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  •                                 NETFUTURE
    
                Technology and Human Responsibility for the Future
    
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    Issue #32      Copyright 1996 O'Reilly & Associates      November 10, 1996
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                Editor:  Stephen L. Talbott (stevet@netfuture.org)
    
                         On the Web: http://netfuture.org
         You may redistribute this newsletter for noncommercial purposes.
    
    CONTENTS:
    *** Editor's note
          Locking Ourselves in to Standards
          The Net As Centralizing Force
    *** Arguing about privacy (Phil Agre)
          Privacy is not secrecy
    *** Response to Agre (Stephen L. Talbott)
          A healthy private sphere requires a healthy public sphere
    *** About this newsletter
    

    *** Editor's note

    Locking Ourselves in to Standards

    Universities are trying to figure how best to tap into Internet II, with its new, higher-speed "backbone network." Princeton University vice president, Ira Fuchs, warned his colleagues: "It's not as simple as `You change the backbone and all will be well.' For individual users to take full advantage of this change in the infrastructure, you'll have to change everything.'"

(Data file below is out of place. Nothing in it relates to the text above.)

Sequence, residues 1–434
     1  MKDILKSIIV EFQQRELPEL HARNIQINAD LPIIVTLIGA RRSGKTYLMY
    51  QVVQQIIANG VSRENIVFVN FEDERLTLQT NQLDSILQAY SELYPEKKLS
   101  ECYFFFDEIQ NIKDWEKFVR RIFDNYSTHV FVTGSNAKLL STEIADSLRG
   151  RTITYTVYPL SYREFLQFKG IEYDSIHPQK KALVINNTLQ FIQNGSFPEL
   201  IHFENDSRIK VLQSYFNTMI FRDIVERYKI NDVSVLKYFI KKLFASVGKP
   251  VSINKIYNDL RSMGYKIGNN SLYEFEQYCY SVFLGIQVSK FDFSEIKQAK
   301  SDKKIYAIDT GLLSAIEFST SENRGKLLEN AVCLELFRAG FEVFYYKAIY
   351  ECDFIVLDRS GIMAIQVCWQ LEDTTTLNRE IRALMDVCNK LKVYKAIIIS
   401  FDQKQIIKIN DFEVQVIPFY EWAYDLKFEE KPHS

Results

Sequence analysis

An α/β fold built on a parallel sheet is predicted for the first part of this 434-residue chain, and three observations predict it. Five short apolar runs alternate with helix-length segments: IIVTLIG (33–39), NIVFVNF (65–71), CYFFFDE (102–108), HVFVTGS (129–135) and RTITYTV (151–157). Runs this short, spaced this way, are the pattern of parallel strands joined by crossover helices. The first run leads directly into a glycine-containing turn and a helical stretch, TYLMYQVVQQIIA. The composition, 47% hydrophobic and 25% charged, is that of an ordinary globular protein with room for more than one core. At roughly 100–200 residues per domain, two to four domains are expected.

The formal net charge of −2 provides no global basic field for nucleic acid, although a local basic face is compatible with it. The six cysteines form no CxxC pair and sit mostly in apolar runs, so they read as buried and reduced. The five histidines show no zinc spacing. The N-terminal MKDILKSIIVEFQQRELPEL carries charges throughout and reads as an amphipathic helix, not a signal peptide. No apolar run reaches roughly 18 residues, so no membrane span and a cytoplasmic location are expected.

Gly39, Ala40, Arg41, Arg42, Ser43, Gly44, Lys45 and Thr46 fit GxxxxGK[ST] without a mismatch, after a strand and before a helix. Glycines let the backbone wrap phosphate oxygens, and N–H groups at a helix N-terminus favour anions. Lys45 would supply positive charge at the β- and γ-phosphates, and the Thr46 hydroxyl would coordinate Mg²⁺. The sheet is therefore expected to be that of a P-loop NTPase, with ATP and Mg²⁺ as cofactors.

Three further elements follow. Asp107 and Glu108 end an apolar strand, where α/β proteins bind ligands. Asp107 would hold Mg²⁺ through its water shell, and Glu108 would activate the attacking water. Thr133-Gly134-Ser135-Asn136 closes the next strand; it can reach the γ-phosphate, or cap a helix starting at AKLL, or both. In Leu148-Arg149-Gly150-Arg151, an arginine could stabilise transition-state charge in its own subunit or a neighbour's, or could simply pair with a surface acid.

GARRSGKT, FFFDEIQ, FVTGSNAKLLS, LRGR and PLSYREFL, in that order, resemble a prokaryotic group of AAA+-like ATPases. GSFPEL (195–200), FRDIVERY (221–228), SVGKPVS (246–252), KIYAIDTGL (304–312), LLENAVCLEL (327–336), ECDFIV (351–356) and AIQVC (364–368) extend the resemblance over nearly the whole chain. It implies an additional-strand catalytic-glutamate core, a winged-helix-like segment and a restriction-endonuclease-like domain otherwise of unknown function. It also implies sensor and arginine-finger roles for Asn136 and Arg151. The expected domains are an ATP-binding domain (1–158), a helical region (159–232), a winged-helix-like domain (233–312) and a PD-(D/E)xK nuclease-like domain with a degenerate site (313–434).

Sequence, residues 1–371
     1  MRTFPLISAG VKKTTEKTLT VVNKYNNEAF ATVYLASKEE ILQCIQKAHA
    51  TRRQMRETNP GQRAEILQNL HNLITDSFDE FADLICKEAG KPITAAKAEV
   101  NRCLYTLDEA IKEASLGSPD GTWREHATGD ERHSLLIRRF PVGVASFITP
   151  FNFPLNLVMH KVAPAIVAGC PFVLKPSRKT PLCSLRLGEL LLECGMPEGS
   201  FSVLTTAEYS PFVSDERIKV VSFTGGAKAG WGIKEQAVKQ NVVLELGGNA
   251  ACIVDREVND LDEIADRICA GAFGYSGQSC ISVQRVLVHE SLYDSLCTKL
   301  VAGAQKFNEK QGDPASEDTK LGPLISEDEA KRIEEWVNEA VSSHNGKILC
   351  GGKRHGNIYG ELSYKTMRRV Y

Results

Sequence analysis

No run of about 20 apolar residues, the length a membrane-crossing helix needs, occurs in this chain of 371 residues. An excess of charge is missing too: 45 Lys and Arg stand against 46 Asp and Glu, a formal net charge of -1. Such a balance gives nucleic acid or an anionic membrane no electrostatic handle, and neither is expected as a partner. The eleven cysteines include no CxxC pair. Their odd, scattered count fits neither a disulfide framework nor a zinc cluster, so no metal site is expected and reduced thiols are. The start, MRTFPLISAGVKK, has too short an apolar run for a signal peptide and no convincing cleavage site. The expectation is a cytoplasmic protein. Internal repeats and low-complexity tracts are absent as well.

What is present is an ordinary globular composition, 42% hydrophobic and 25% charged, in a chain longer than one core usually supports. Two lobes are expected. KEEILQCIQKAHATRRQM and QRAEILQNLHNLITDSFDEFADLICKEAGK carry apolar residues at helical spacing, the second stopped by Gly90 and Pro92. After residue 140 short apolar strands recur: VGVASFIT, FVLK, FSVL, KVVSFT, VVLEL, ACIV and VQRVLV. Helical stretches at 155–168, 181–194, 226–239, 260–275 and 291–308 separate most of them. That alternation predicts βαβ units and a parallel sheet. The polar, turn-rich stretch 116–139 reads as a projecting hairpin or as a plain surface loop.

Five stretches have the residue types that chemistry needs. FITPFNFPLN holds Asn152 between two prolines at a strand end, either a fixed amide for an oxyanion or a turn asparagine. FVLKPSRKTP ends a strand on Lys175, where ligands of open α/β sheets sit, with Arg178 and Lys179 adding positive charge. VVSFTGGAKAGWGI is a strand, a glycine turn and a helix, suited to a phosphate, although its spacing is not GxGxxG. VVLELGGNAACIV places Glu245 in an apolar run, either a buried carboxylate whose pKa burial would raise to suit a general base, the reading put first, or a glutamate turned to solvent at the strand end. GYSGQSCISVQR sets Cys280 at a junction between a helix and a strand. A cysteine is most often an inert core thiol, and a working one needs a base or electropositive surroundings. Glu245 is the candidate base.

"Change everything." Do these words ring a bell in your mind? What strangely re-echoes through my mind are those complaints about "customer lock-in" from the bad old days before standards. The problem then was that one could not shift particular software or hardware purchases from one vendor to another without replacing entire systems; you had to change everything.

    The problem today is...well, pretty much the same thing, except that now it operates on a grander scale. Where once we were bound to the products of a particular company--and before that to individual product lines within a company--now we are increasingly indentured to industry-wide and even global standards from which there is no apparent escape even at great expense.

    Yes, there are advantages to standards and open systems. We gain an ability to conduct business ever more widely, and in some terms at least, more efficiently. But what brings us this advantage is a technical system whose underlying logic becomes steadily more universal, more finely rationalized, more precisely articulated--and therefore harder to escape once the logical cement "sets". The "everything" in "you'll have to change everything" reaches toward...everything.

    So we escape our parochial bonds only to find ourselves locked in more decisively at a cosmopolitan level. Unfortunately, while the local constraints were easy to notice--if only because the competing vendors advertised side by side in the trade rags--the global ones begin to seem like necessity. "That's just the way the world is." We lose sight of the choices that have led us step by step to close off future options.

    This is actually that same "fundamental deceit of technology" to which I pointed in NF #1. The issue in that earlier article was the improvement of telephone answering systems by means